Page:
This guidance paper responds to a key issue in port practice highlighted in a 2023 worldwide survey carried out by the ICC Commission on Commercial Law and Practice on the use of the lncoterms® rules in major ports internationally: the frequent mismatch between the chosen lncoterms® rule and the practical realities of shipping goods in containers through ports. This guidance paper is relevant to users of the lncoterms® 2020 rules for shipping goods in containers through ports anywhere in the world.

Guidance paper
The survey reveals that the top two considerations for traders when selecting a lncoterms® rule are

  1. Controlling freight costs
  2. Clarifying risk transfer

Where goods are shipped in containers through a port at departure and/or at arrival, the lncoterms® 2020 rules FCA and CPT provide the best matching point to delineate freight cost and transfer risk:

  • "FCA container terminal [port of departure] lncoterms® 2020"
  • ''CPT container terminal [port of arrival] lncoterms® 2020"

The traditional maritime lncoterms® rules FOB, CFR, and CIF have an on-board point of delivery that is not suitable for containers since users have in practice no control over the start of freight cost and transfer of risk up to or after this point. This mismatch has for years given rise to additional costs, Terminal Handling Charges (THC) overcharge/double charging in ports, uncertainty, and disputes.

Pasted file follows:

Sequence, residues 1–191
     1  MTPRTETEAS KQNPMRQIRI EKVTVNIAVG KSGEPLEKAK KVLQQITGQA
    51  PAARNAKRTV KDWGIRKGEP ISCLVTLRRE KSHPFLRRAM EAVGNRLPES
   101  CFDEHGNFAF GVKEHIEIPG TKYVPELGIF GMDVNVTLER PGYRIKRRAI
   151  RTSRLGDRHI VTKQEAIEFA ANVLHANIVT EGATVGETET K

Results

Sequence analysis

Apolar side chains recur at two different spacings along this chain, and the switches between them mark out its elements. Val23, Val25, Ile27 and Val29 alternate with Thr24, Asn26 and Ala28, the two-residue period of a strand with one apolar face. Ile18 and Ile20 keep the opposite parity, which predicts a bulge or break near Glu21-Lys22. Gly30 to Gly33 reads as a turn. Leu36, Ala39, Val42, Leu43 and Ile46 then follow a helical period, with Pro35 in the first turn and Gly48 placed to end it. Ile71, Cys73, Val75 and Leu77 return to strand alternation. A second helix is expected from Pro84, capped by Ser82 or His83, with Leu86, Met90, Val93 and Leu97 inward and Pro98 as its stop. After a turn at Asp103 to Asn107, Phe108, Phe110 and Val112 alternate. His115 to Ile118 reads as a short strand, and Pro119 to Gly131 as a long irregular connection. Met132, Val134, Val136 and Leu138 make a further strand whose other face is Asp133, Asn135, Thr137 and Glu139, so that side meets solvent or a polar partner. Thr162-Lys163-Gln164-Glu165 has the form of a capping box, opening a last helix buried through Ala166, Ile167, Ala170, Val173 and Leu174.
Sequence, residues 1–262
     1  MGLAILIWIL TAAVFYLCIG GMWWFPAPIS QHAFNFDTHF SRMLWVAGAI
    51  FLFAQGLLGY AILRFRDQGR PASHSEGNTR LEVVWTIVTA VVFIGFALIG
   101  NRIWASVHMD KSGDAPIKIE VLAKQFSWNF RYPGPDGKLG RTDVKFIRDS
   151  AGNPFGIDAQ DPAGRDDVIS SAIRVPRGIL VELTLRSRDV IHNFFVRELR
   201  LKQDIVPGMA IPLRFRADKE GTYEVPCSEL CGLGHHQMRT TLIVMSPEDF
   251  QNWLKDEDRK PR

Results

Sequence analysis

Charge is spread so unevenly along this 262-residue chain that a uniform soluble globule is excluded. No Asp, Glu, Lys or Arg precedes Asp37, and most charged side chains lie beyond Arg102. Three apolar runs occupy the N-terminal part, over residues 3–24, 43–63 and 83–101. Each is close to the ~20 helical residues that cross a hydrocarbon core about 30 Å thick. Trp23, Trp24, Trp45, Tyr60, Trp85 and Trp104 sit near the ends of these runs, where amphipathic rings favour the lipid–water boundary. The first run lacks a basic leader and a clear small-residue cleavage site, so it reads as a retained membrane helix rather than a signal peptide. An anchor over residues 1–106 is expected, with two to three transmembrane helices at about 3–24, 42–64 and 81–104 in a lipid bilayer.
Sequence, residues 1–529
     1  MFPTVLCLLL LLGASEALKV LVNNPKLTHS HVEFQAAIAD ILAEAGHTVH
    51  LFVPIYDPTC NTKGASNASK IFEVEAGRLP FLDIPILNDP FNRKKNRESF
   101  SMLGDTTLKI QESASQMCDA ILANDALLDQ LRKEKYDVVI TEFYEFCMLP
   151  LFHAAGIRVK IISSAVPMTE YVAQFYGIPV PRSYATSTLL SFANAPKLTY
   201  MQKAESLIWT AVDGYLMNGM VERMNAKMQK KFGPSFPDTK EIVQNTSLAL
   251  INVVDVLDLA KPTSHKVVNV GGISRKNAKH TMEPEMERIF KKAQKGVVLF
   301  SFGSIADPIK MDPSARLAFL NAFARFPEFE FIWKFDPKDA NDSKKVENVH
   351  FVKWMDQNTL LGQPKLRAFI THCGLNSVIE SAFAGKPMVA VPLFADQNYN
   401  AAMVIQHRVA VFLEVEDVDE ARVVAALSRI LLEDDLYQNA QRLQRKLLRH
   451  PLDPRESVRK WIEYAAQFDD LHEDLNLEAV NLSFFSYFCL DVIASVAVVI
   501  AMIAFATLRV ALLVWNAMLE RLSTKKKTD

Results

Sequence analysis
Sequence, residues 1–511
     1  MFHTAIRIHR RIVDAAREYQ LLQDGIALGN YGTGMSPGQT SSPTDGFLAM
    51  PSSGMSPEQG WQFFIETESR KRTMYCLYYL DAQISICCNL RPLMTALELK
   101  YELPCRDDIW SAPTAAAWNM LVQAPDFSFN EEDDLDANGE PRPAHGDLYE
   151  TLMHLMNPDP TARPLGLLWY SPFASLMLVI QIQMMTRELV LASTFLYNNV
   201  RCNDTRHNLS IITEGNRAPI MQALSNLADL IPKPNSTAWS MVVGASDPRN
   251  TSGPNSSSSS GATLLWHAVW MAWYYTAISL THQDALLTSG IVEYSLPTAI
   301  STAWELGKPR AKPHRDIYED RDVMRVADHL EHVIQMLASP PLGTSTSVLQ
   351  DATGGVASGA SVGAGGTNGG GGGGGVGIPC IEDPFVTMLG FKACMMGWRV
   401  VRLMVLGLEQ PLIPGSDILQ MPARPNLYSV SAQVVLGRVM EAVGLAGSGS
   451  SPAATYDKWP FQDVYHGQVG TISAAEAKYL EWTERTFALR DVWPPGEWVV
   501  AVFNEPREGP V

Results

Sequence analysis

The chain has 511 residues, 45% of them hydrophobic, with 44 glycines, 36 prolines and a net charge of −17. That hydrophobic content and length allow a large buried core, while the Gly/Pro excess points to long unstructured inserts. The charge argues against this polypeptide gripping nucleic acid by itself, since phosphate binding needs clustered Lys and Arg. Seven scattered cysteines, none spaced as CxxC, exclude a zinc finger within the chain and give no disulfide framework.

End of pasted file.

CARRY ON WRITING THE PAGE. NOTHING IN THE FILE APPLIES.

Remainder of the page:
The trading community will benefit greatly by shifting practice away from the traditional maritime terms FOB, CFR, and CIF and replacing them with the lncoterms® 2020 rules which are far more suitable for containers: FCA, CPT, and CIP.

FCA and CPT (or CIP if insurance cover is agreed) are in reality the "updated" maritime lncoterms® rules for containers, identifying what actually happens to containers, rather than pretending that the old maritime terms adequately describe the container trade. The FCA/CPT/CIP rules are designed to control freight cost and risk transfer for all goods shipped in containers through a port since they define the appropriate point to transfer freight costs and risk.

This guidance paper was drafted by the Co-chairs and the Special Adviser of the ICC lncoterms® 2020 Drafting Group: Christoph Martin Radtke, David Lowe, and Charles Debottista together with Professor GAO Xiong, Executive Chair of the ICC China Commission on Commercial Law and Practice.

Published on 26 February 2024 in English.
Dieses und viele weitere Praxisthemen besprechen wir in unserem Webinar "Incoterms® 2020".